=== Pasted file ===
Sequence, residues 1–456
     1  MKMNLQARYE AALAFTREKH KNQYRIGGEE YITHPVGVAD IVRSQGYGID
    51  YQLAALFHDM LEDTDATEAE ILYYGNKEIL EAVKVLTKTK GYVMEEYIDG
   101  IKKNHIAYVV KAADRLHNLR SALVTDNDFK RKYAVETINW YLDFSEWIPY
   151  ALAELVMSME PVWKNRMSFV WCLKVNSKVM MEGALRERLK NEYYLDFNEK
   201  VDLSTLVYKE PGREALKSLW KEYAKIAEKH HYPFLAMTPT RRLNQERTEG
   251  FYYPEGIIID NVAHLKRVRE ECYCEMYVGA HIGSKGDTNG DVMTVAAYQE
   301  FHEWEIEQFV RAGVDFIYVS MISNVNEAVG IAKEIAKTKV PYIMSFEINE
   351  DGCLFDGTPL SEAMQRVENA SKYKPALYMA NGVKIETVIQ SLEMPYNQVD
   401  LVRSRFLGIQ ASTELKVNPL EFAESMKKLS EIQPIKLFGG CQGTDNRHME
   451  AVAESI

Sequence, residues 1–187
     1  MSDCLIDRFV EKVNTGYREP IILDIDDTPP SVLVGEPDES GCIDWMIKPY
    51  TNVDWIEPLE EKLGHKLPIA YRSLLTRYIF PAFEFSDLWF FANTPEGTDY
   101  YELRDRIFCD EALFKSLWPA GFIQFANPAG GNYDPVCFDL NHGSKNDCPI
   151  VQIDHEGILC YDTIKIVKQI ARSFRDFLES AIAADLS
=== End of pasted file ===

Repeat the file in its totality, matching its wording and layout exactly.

Sequence, residues 1–456
     1  MKMNLQARYE AALAFTREKH KNQYRIGGEE YITHPVGVAD IVRSQGYGID
    51  YQLAALFHDM LEDTDATEAE ILYYGNKEIL EAVKVLTKTK GYVMEEYIDG
   101  IKKNHIAYVV KAADRLHNLR SALVTDNDFK RKYAVETINW YLDFSEWIPY
   151  ALAELVMSME PVWKNRMSFV WCLKVNSKVM MEGALRERLK NEYYLDFNEK
   201  VDLSTLVYKE PGREALKSLW KEYAKIAEKH HYPFLAMTPT RRLNQERTEG
   251  FYYPEGIIID NVAHLKRVRE ECYCEMYVGA HIGSKGDTNG DVMTVAAYQE
   301  FHEWEIEQFV RAGVDFIYVS MISNVNEAVG IAKEIAKTKV PYIMSFEINE
   351  DGCLFDGTPL SEAMQRVENA SKYKPALYMA NGVKIETVIQ SLEMPYNQVD
   401  LVRSRFLGIQ ASTELKVNPL EFAESMKKLS EIQPIKLFGG CQGTDNRHME
   451  AVAESI

Sequence, residues 1–187
     1  MSDCLIDRFV EKVNTGYREP IILDIDDTPP SVLVGEPDES GCIDWMIKPY
    51  TNVDWIEPLE EKLGHKLPIA YRSLLTRYIF PAFEFSDLWF FANTPEGTDY
   101  YELRDRIFCD EALFKSLWPA GFIQFANPAG GNYDPVCFDL NHGSKNDCPI
   151  VQIDHEGILC YDTIKIVKQI ARSFRDFLES AIAADLS